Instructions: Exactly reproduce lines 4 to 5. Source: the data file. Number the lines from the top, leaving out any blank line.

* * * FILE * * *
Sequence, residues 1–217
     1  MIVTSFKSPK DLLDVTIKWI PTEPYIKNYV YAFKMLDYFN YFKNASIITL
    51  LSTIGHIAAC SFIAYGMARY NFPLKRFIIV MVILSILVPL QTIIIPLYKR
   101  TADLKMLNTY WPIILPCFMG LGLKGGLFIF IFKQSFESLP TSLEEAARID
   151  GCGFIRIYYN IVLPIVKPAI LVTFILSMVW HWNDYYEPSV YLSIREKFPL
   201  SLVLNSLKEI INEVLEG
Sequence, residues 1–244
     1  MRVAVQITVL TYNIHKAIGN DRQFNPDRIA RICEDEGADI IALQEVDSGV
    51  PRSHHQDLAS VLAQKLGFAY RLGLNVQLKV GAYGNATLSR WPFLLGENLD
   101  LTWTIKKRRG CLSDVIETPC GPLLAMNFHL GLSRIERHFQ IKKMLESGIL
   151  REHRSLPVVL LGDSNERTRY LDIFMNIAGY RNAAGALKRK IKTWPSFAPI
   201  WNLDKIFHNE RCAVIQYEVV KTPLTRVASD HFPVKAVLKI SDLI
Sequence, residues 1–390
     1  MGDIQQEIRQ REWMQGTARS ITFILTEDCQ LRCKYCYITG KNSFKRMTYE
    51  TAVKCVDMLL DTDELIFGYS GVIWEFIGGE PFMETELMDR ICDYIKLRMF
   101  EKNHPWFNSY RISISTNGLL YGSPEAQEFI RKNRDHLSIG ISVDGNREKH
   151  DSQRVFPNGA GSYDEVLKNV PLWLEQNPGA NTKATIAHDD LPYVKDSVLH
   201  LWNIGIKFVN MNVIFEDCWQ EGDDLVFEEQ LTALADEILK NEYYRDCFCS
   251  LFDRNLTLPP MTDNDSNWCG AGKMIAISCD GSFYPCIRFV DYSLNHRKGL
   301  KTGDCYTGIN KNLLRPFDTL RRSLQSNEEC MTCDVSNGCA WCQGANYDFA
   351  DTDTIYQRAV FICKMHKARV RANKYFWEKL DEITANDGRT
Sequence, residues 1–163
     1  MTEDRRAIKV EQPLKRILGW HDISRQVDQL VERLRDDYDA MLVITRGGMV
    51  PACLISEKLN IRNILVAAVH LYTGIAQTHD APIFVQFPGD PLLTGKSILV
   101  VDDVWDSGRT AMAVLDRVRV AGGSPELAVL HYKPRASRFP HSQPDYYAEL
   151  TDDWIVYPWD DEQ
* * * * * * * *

   101  TADLKMLNTY WPIILPCFMG LGLKGGLFIF IFKQSFESLP TSLEEAARID
   151  GCGFIRIYYN IVLPIVKPAI LVTFILSMVW HWNDYYEPSV YLSIREKFPL